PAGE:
in Business Aviation / Features

From Russia with verve...

Posted 12 September 2018 · Add Comment

With the first Sukhoi SSJ100 airliner for an African customer due to be delivered this year, the Russian manufacturer has toured the continent with its executive jet variant. Alan Dron reports.

A week-long tour of African nations by a RusJet-operated SSJ100 business jet in April displayed the aircraft to a number of potential customers.
The SSJ100’s business jet version was presented to interested companies in Nigeria, Kenya and Uganda as part of a trade mission organised by the Russian Export Center (REC) and the African Export-Import Bank (Afreximbank).
The airline version of the twin-jet, which carries 95 passengers, has been in service with several Russian carriers, as well as with Interjet of Mexico and CityJet of Ireland for some years now. It has proved popular with passengers for its spacious cabin and with its operators, although the president of Russia’s Sukhoi Civil Aircraft Company (SCAC), Alexander Rubtsov, admitted at last November’s Dubai Air Show that more work was needed to improve the company’s after-sales service.
Instead of its usual 95-seat layout, the aircraft touring Africa was outfitted with an executive cabin capable of seating up to 19 passengers. Its cabin has several zones, incorporating areas suitable for business meetings and rest, including a sofa that converts to a bed, plus a wardrobe and toilet.
RusJet’s aircraft can also be fitted out in an eight-passenger ‘night configuration’ with a queen-sized bed and chairs suitable for sleeping. In its executive configuration, the aircraft has a range of 2,390nm (4,420km).
This size of cabin puts the SSJ100 very much into the top rank of executive aircraft, providing more internal volume than Bombardier or Gulfstream’s top-of-the-range models, although it is still smaller than the Boeing Business Jet MAX family, which is converted from the US company’s latest 737 MAX range.
The Superjet is due to appear in African skies on a regular basis shortly, after Zambia signed the first African contract for the type in 2017. This order is believed to be for four airliners and one VIP version.
The airliners are reported to be destined for delivery from this year onwards to the new national carrier, Zambia Airlines, while the VIP version will be for the use of the country’s president; SCAC declined to give details of the eventual operators, beyond saying that the customer is a governmental organisation.
“Negotiations with several countries in the African continent are in progress at different stages,” a SCAC spokeswoman said. “Our potential customers are expressing interest in both the general version of the SSJ100 and its VIP version, including special-purpose modifications similar to the Russian Ministry of Emergency Situations (EMERCOM) examples.”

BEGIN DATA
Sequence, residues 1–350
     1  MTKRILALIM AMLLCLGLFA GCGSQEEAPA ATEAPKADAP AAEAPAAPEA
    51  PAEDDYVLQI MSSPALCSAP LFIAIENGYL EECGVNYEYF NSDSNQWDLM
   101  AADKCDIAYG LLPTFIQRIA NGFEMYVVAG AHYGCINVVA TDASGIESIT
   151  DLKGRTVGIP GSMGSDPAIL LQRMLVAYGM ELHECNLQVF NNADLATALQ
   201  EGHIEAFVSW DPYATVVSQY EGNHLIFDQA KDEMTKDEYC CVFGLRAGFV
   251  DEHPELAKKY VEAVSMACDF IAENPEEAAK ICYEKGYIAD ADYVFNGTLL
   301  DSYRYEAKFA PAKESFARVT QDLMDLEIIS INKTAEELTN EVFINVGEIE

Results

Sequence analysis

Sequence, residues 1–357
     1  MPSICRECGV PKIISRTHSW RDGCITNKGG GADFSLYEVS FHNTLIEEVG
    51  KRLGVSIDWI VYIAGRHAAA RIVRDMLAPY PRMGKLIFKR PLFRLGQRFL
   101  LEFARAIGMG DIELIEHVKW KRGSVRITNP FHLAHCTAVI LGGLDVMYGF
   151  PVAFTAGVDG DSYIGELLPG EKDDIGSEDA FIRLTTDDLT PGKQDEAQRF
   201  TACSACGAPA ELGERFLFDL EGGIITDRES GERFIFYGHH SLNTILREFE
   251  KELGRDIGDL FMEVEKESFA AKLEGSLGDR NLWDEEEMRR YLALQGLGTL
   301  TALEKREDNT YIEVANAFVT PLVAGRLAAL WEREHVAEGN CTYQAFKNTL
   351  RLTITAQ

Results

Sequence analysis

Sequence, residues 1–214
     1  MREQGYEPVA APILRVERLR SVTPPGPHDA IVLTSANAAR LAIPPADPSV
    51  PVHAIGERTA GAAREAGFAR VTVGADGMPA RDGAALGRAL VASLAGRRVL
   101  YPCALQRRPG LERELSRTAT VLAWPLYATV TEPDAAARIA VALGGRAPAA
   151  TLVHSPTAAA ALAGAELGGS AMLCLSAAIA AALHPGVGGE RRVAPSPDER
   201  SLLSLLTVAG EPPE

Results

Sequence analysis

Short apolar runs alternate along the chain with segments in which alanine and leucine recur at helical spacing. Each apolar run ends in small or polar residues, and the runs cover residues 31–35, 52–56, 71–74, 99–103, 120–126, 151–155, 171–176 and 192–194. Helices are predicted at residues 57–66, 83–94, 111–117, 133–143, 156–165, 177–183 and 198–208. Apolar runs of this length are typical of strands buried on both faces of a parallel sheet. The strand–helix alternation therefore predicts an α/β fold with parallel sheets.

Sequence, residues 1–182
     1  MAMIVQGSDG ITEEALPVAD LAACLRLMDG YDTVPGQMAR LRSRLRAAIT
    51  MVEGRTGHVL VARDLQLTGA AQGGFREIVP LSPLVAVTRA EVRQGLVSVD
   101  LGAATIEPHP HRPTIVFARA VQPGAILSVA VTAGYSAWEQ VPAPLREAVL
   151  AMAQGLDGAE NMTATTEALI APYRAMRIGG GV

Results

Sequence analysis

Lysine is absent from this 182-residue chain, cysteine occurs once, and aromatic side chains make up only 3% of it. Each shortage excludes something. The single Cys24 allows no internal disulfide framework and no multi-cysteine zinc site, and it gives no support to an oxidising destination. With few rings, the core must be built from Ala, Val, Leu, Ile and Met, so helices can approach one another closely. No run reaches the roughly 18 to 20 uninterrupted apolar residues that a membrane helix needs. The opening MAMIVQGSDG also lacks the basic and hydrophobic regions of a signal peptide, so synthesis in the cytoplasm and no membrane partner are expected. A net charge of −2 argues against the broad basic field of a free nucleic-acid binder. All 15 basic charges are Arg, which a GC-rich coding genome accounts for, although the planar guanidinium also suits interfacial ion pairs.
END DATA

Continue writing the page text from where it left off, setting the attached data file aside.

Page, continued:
EMERCOM has two SSJ100s that can act as airborne command posts with extensive on-board communications systems. Both can also act as medevac aircraft.
Following the SSJ100’s demonstration tour, the REC and Afreximbank are looking at the possibility of establishing a leasing company to support future SSJ100 deals in Africa, said SCAC.
The SSJ100, meanwhile, is continuing to be developed; in February, SCAC received approval from parent company, United Aircraft Corporation (UAC), to go ahead with a smaller, 75-seat version of the airliner, which has already gained 50 orders from Russian carrier S7 Group.
“Together with the size optimisation, it is planned to reduce the structural weight by between 10%-15%, improve aerodynamics up to 10%, reduce specific fuel consumption up to 5%, and increase the part of composition materials. The aim is also to cut operation and after-sales support costs,” SCAC said in a statement.
SCAC is also developing a new SSJ100R model, which will replace much of the western equipment found on the current aircraft with Russian equivalents. This move has come about as a result of deteriorating relations between Moscow and western capitals, which may have raised concerns at the Russian manufacturer of supplies of western-supplied components becoming the subject of economic sanctions.
The aircraft is also being developed aerodynamically; in December 2017, it performed its first flight with ‘saberlets’, or pointed, extended wingtips that will improve take-off and landing performance, as well as cut fuel consumption by 3%.
And the aircraft is undergoing software ‘tweaks’ that will allow it to operate into small runways requiring steep approaches, such as London City Airport.
 

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